The introduction of the review protocol should provide explicit and comprehensive information regarding the justification (rationale) for the conduct of the review in the context of what is already known. The introduction should be of sufficient length to discuss all of the elements of the proposed plan for the review; usually all the relevant information may be provided in approximately 1000 words. This section should be written in simple prose for non-expert readers. Usually, a systematic review is informed by international research and is conducted for an international readership, therefore, reviewers should include relevant international literature in this introductory section. There are exceptions, for example, where systematic reviews are conducted on a question relevant to a single country (for example, Australia or UK) or region (Africa) specific issues. However, with the exception of these reviews that use strict limitations on the inclusion criteria, a systematic review should include all relevant international literature. The introduction should provide sufficient details to justify the conduct of the review and the choice of inclusion criteria for the review (types of participants, types of interventions and comparators, the types of outcomes, and types of studies). The review protocol should provide all conceptual and operational definitions that are relevant for the review. It is the responsibility of the reviewers to ensure that their review is not a duplicate of an existing review. It is recommended that reviewers search major electronic databases to determine that there have been no recently published systematic reviews on the same topic. A search of the JBI Evidence Synthesis, Cochrane Database, MEDLINE, DARE, PROSPERO, EPISTEMONIKOS, and ACCESSSS will assist to establish whether or not a recent review exists on the topic of interest. Reviewers should report in the background section the details of this preliminary search. If systematic reviews on the topic of interest have already been conducted, reviewers should explain the differences between the existing reviews and the new proposal and provide an explicit justification for the need to conduct a new systematic review.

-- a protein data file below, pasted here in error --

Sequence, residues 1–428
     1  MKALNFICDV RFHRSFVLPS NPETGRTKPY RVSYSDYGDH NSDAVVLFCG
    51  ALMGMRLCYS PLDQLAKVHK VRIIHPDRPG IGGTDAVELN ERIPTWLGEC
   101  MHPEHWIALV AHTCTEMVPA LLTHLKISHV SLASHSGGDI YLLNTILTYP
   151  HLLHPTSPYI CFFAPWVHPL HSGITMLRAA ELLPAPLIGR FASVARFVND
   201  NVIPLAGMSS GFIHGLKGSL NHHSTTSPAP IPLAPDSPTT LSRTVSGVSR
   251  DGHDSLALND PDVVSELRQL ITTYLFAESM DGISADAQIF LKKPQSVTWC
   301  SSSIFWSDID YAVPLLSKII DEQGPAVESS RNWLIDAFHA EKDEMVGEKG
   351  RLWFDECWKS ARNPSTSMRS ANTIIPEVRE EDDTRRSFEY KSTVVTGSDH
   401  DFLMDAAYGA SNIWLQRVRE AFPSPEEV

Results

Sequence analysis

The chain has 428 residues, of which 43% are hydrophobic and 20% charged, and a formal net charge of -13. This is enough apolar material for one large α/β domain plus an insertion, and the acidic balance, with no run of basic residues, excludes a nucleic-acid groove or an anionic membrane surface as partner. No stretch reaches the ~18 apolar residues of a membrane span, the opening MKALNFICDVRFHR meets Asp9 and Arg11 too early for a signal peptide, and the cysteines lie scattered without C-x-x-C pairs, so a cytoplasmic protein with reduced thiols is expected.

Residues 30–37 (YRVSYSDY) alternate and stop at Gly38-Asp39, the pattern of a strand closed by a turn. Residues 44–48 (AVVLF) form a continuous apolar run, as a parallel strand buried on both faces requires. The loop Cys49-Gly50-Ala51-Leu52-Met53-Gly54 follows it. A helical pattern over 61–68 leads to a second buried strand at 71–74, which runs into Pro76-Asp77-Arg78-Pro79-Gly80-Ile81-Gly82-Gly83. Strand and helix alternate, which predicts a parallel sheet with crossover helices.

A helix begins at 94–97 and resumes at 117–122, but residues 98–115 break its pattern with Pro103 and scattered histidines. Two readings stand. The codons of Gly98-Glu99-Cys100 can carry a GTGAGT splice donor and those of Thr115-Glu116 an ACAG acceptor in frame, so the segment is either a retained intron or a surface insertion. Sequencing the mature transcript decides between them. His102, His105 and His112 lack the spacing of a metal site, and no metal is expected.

The introduction should conclude with an overarching review objective that captures and aligns with the core elements/mnemonic of the inclusion criteria (e.g. PICO).  The stated objective should clearly indicate what the review project is trying to achieve. Example of a review objective: ‘To synthesize the best available evidence related to using inspiratory muscle training to improve dyspnoea in patients with chronic obstructive pulmonary disease.’ This broad statement provides the general scope but must be further clarified with focused review questions.

The background section of the review protocol should provide information regarding:

  • the importance of the topic (prevalence, incidence, morbidity, mortality, impact on quality of life; economic burden),
  • concerns expressed by consumers, healthcare professionals, policy-makers,
  • the specifics of diverse groups of patients (age, gender, ethnicity, severity of the disease, co-existing diseases) and settings,
  • the intervention of interest and how it works,
  • any uncertainties and conflicting reports regarding the effectiveness of the intervention of interest,
  • other existing interventions with which the intervention of interest may be compared,
  • the importance of different outcomes,
  • how outcomes are measured (approaches, measurement instruments),
  • the relevance of different research study designs in the examination of the topic of interest,
  • relevant existing primary research studies,
  • what is already known, including details about the existing systematic reviews, including meta-analyses, and
  • the justification for the need for a new review and the objectives of the review project.





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